Article published Apr 1, 2007
It's not easy being green. Just ask Eric Brent. A strict vegetarian, Brent, 40, founder of the vegetarian Web site happycow.net, said he "did a lot of online dating" trying to find the perfect mate. And for him, that perfect mate had to be a vegetarian.
"I feel like I reached a point where the idea of finding a perfect soul mate might happen to someone with good luck," he said. "Finding someone with a common base was what I was looking for."
Then he found Diana Hsieh (now Brent). Not only was she a vegetarian, but she loved to travel and was an animal rights advocate. Within a year, they were married.
"It's such a blessing," said Diana Brent, 30, who now works on happycow.net with her husband in Los Angeles.
"I can't imagine living in a household with a person who's cooking meat."
The vegetarian population is quite small, about 1 percent to 5 percent of the population. Finding love among these strict vegetarian singles, what some call ecosexuals, can be difficult.
"If you have compassion for animals and your soul mate is eating one, you're going to diverge," said Chris Beckley, head of the Vegetarian Society of Colorado in Denver. As a result, Beckley says, the vegetarian population is full of "available, nice single people who are single for a long time."
And if a vegetarian is a vegan - someone who doesn't eat or use any animal products, like eggs, milk or wool - that dating pool gets even smaller.
It is estimated that about 5 percent of vegetarians are vegan.
Lovelorn vegetarians have inspired several Web sites like veggiedate.org, veganpassions.com and vegetarianpassions.com.
As with match.com and other dating sites, members create profiles of their personal characteristics, likes and dislikes. They then search through the profiles that match their own, looking for that special someone.
Because being vegetarian narrows the playing field, some are forced to date nonvegetarians.
"If you're a vegetarian for health, it might not be a big deal," said veggiedate.org creator Steve Urow, making the distinction between vegetarians who don't eat meat because they believe it is good for their health, compared with vegetarians who don't eat meat for ethical reasons.
Some vegans have a much different view.
"It would be comparable to a strong civil rights advocate dating an old-fashioned racist; just wouldn't work," said Paul R. Amato, a sociologist at Pennsylvania State University who co-wrote the book "The New Vegetarians: Promoting Health and Protecting Life."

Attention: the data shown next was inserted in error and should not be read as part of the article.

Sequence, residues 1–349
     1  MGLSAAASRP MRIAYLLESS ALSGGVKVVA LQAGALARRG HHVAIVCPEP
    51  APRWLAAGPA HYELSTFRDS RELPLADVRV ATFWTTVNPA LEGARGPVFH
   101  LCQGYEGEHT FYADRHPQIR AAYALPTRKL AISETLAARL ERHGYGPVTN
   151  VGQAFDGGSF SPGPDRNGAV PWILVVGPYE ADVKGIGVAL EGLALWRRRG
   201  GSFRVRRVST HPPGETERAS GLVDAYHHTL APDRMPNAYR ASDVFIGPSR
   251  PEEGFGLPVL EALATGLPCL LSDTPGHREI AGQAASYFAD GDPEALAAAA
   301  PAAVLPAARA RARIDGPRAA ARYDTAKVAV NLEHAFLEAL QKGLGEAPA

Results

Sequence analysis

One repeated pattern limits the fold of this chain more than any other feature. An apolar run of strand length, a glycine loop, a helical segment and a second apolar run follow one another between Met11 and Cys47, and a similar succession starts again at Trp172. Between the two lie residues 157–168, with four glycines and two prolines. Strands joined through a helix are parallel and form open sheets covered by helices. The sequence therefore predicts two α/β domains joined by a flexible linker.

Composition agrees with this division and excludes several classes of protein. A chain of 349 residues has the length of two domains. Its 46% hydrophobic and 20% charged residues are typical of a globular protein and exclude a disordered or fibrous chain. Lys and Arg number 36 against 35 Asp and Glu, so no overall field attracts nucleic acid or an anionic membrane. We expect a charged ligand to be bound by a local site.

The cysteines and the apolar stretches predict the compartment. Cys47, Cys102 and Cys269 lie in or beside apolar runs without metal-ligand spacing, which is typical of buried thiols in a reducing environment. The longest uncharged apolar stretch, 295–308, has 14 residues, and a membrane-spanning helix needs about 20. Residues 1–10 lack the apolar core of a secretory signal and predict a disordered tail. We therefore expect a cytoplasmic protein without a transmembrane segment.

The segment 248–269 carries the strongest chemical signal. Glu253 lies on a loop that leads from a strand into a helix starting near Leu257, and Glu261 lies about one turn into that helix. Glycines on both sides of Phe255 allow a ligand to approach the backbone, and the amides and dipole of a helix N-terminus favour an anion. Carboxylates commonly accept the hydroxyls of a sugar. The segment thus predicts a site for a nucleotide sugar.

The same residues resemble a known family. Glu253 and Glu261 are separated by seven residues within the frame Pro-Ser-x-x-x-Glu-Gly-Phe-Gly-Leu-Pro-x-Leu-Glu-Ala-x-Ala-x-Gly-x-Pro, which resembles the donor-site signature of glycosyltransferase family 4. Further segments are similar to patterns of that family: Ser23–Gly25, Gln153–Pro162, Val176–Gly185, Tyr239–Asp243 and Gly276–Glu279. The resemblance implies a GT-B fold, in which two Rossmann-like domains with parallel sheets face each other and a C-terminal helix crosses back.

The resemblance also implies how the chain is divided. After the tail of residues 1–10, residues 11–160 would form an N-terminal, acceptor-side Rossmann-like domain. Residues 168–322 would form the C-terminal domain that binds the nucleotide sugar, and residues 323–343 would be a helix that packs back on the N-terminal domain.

"There's the meat kisses," said Jason Doucette, of Toronto, who created the Web site veganporn.com, a forum for vegans that has nothing to do with pornography. "Not the greatest thing to think about if you're a vegetarian, what was in that mouth 20 minutes ago."
And while there are some success stories of vegetarians who dated nonvegetarians and converted them, those are rare cases.
"I wouldn't want someone to convert for me," said C.J. Eliasson, 33, of Boulder, Colo., who started the Vegan Chamber of Commerce, an online directory of vegan businesses. "I want them to do it for themselves."
While some vegetarians can't imagine dating an animal eater, some strict vegans won't even date vegetarians.
"I did date a vegetarian briefly," said Doucette, a vegan. "She'd order something, and I couldn't eat off her plate. That didn't last too long, but I think there were deeper issues."
Others stand their ground.
"I'm considered extremely picky because I won't date anyone but a vegan," Eliasson said. "It does make it difficult."
For vegans, avoiding animal products is a lifestyle change, not just a diet issue. Many vegans are active in the animal rights and environmental movements. Because the issues are so important to them, many want those issues to be important to the people they date as well.
"I think when you're dating someone, there's a couple of factors you can't compromise on," Urow said. "I think the vegan lifestyle is a big enough thing for some people to not compromise on."
Veganpassions.com and vegetarianpassions.com will connect vegetarians with nonvegetarians, but at veggiedate.org, all members must be vegetarian to some degree. The site lists different levels of vegetarianism: "almost vegetarian," "vegetarian "and "veggie/veganish."
Sarah Eades, 49, a registered nurse in Bloomington, Ind., is "semi-vegetarian" because she had to add meat back to her diet for health reasons. She signed up for veggiedate.org because she feels comfortable with the vegetarian lifestyle. She has been corresponding with a man named Bob for the past two months. Bob's profile, she said, seemed open to those who weren't strictly vegetarian.
"His wording didn't indicate that he was 'Nazi-like' about being vegetarian," she said.
But dating is difficult for vegetarians and nonvegetarians alike.
"Dating in general is hard," Beckley said. "In a good marriage or relationship, you have common interests and different interests. There are enough common interests to keep you together."
"It's a matter of how you approach it," said Doucette, who met his girlfriend of five years while volunteering at a vegetarian association.
"Then again, you can always make vegans," he said, referring to meat eaters and vegetarians who convert to stricter diets. "If it goes well, you can make a bunch of little vegans."
Source: RutlandHerald.com (Rutland, Vermont)[ health ] [ veganism ] [ vegetarianism ]